Greetings, all! Last week, I replayed a game in memory of Harold Ramis.
Today, I'd like to revisit a masterpiece from the N64 era. One of the greatest, most influential games ever made.
Superman 64 came out for, of course, the N64 in May of 1999, just in time for the summer. It was developed by the greats at Tidus Software, who would go on to create their magnum opus, the 2003 Xbox exclusive Robocop. You play as the titular Man of Steel. In a diabolical plot (easily his most cunning plan ever) Lex Luthor has imprisoned Lois Lane, Jimmy Olsen, and Professor Hamilton in a virtual Metropolis. Diving straight into this virtual city, Superman finds himself surrounded by fog-to mask his enemies location, no doubt. Luthor forces Supes to fly through his "ring maze," floating rings that Supes must navigate successfully-or die trying. It turns out to be an amazing story. It's similar to writer Grant Morrison's classic All Star Superman, in that both stories are about Superman.
As the player, you're immediately tasked with flying through the rings. This is where you experience the unparallelled flight engine for the first time. You can literally go anywhere and do anything, exploring the highly detailed Metropolis to your heart's content. There's so much to see and so much to do. You can fly through rings, soar through hoops, and glide through circles.
That's not all. though! You'll have to fight bad guys, too. Superman has a variety of moves at his disposal. He can throw a left hook, a right hook, a different left punch...the combat system is clearly the main inspiration for most games to this day. It's similar to Rocksteady's Batman: Arkham series, in that both fighting systems contain punches.
Other missions revolve around rescuing citizens of the virtual Metropolis. This includes lifting cars and throwing them. You can feel the sense of power here as Superman hurls a car filled with hapless civilians into oblivion, before resuming his grim path through Luthor's impossible maze.
Superman 64 includes Superman's other well-known powers as well. Heat vision comes into play, along with his super speed. Supes can move so fast here (in excess of 12 miles per hour) than he can, in fact, escape the boundaries of his virtual prison. Unfortunately, there is nothing out there but emptiness, which actually fits with the story if you think about it. Luthor has also apparently coated the buildings of his virtual Metropolis with some manner of sticky substance; touching the walls will cause Superman to become stuck and unable to move. Diabolical.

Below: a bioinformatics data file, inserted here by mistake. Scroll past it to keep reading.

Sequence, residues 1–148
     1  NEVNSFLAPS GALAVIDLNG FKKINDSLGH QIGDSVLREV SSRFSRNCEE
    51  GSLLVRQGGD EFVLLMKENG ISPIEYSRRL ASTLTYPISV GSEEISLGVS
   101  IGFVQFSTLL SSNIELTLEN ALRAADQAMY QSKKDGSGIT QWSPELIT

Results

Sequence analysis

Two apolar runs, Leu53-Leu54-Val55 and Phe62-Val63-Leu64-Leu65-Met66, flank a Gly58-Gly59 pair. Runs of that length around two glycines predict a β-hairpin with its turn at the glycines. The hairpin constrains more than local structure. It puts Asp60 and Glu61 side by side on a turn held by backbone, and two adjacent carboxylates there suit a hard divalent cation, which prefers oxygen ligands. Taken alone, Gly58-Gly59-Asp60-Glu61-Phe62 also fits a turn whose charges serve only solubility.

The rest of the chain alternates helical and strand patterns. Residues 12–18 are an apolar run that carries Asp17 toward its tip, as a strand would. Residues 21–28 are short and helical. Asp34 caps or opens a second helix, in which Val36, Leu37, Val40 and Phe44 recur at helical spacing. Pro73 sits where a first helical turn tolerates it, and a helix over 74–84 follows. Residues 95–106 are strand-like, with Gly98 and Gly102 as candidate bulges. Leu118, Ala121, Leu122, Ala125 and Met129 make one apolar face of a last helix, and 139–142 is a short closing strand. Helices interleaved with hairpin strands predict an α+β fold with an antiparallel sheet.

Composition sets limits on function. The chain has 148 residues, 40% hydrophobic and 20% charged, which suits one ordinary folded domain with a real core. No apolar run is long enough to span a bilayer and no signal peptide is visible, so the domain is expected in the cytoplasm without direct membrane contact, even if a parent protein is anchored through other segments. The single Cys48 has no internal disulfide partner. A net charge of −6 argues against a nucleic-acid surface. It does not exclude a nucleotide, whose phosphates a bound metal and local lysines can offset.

The game perfectly captures the look of the animated series upon which it is based. Particularly Superman, whose character model consists of possibly dozens of polygons. They nailed the "square" look they were going for. Other characters fare just as well, with a surprising variety of enemy designs and fluid animation. The draw distance exceeds several feet, and Metropolis' building models are varied and...uh...tall? It feels like a living, breathing city. The world is similar to Skyrim, in that both games contain wide, empty expanses.
The game sounds great, too. There's an epic score to listen to as you soar effortlessly through fake Metropolis. There's some explosion sounds, and punches, and...well. Just play it through a surround sound system. I think the game says it supports Dolby something-or-other.
Oh, and there's multiplayer, too! You, and up to three like-minded friends can battle each other as Superman, Lex Luthor, Darkseid...as you shoot at each other in spaceship-things. It's very similar to classic games like Forsaken, in that both contain flying spaceship-things.
Replay Superman if you get a chance. You'll find it to be a transformative, introspective experience. It's similar to The Last of Us, in that both games make you think "how could they possibly make something like this?"
Hop over to the comments section! Questions, comments, and future GOTW suggestions are always welcome!
Next week, we get back to business as usual. Pack your twin pistols, doves, and Tequila Slammers.